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Flystrike in rabbits, how bad is it? Can it be prevented?

Rabbits are a very popular pet, being the third popular household pet. They are also the most neglected pet, as they are often just left in a hutch. They seem easy to look after but in reality, they aren’t, we need to look after them and protect them from things like flystrike, something that they can’t themselves get away from. 

What is flystrike?

So, flystrike is how it sounds, flies are the problem. During the summer or warm periods flies rear their ugly heads and start finding their next victim. Flystrike happens when the fly lays its eggs on or around the rabbit. The fly eggs then hatch into maggots. Once hatched on the rabbit they then dig their way through the hair to find the flesh, they can then begin eating the flesh within 24 hours of hatching. Frightening! 

Are all rabbits at risk?

Unfortunately, all rabbits are at risk of flystrike. Some rabbits may be more likely to get it then others depending on how they are kept and other factors. A common problem is when a rabbit has a dirty bottom. By a dirty bottom I mean when they have faeces stuck around their bottom and tail. Once this has started then this is a problem. Flies will love to lay their eggs on this. So why does this happen?

There are several possibilities…

  • A poor diet is a key factor: when the rabbit isn’t eating a good diet, it affects the faeces, muesli diets should be avoided as it allows selective eating. 
  • Have you noticed your rabbit is less active? Maybe they don’t want to go up and down a ramp or maybe they don’t want to have a wonder around the outdoor run? Rabbits can get painful joints too. This is often overlooked, we often don’t think about rabbits and painful joints. If a rabbit has painful joints, it can mean it cannot squat properly to pass faeces or urinate, therefore they end up urinating on their hair, or sitting in it, and faeces are getting stuck to it. If you think this may be the case, it’s always worth getting a vet to check because arthritis like this requires medical management. 
  • Wounds, flies love a wound! If your rabbit is outdoors and has a wound be very aware that flies would absolutely love to lay their eggs on that wound. 
  • Dirty hutches, how often is the rabbit cleaned out? As rabbits are confined to hutches it’s so important, we give them daily fresh bedding, not only because it is nice for them but flies love dirty faeces and urine infested environments.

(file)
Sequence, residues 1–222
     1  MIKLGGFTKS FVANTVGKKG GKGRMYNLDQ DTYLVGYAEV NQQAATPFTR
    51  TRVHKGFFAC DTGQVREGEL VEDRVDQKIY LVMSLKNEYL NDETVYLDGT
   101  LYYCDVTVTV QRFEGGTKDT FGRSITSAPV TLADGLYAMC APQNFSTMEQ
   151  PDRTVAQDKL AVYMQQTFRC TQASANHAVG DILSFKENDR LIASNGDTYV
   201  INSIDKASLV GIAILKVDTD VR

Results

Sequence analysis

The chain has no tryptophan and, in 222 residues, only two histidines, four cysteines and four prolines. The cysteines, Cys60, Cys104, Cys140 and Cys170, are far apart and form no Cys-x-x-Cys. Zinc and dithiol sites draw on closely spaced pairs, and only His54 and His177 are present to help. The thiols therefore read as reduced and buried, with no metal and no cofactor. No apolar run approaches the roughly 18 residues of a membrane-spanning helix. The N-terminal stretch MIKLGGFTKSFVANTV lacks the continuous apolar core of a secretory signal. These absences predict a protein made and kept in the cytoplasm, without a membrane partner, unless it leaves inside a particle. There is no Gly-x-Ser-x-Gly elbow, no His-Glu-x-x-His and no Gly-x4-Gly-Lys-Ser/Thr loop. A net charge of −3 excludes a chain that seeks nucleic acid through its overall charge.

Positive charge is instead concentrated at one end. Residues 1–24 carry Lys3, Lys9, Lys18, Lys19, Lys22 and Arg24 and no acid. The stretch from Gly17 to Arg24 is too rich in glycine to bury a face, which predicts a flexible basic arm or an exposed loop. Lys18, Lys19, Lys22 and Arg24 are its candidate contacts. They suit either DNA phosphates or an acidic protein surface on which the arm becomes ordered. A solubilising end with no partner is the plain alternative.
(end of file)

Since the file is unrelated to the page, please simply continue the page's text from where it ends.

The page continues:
• Overweight, now how many rabbits out there are overweight? Probably a lot more than we think. An overweight rabbit is likely to have painful joints and be unable to turn to clean its bottom, therefore fly haven! 

How do I know if my rabbit has flystrike?

Rabbits are so stoic. They just carry on until it gets too uncomfortable. Signs of flystrike are;

  • Pain.
  • Lethargy.
  • Not eating.
  • Not drinking.
  • No wanting to move around the hutch. 
  • Unusual nasty smell coming from the rabbit/hutch. 
  • Sightings of maggots. 
  • Wounds. 

If your rabbit has any of these signs and you see wounds with active maggots it is very important you seek veterinary help straight away. Untreated flystrike is rapidly fatal. Maggots will keep eating flesh and eating deeper and deeper into the rabbit. 

Can treatment be given?

Depending on how bad the situation is, treatment can be given. Vets will try to remove as many of the maggots as they can. Remove any surrounding hair and treat the wounds. Antibiotics will usually be needed along with powerful pain relief. Bad cases are when the maggots have eaten deeper than just the surface of flesh. This is very painful for the rabbit and sometimes the kindest thing is euthanasia.

Prevention is better than cure. 

Prevention is always better than cure. Some rabbits can recover from fly strike whilst others may not. It is fatal depending on how bad it is. So how can we prevent this?

  • Check your rabbit’s bottom every day, more than once during the summer/warm months. 
  • If your rabbit gets matted hair around their bottom, get this shaved off. It’s probably better you ask your vet/nurse to do this as rabbits’ skin is like tissue paper and cuts very easily so care needs to be given with this. Doing this will help stop faeces sticking around the bottom.
  • Remove any urine and faeces out of the hutch as often as possible.
  • Use a suitable treatment such as Rearguard. This is a non-prescription product that is very effective at helping to prevent flystrike if used correctly. 
  • Encourage your rabbit to lose weight: attend weight clinics if your practice holds them, get advice on how to get your rabbit to lose weight. 
  • Seek veterinary advice if you think your rabbit has joint problems. 

What is Rearguard?

Rearguard is a product that can be purchased from a veterinary practice and big pet shops – it must be supplied by a vet, a pharmacist or an SQP, but you will not need a prescription. It’s a sponge applicator treatment that should be put all around the rabbit’s bottom. It is advised that you start using well before the fly season starts. However, even if you use this treatment, it is still advisable to check a rabbit’s bottom daily.  

If you have any concerns over your rabbit’s health, contact your vet they can advise you. This is a horrible, painful situation for a rabbit to be in so daily checks and clean hutches are the way forward. 

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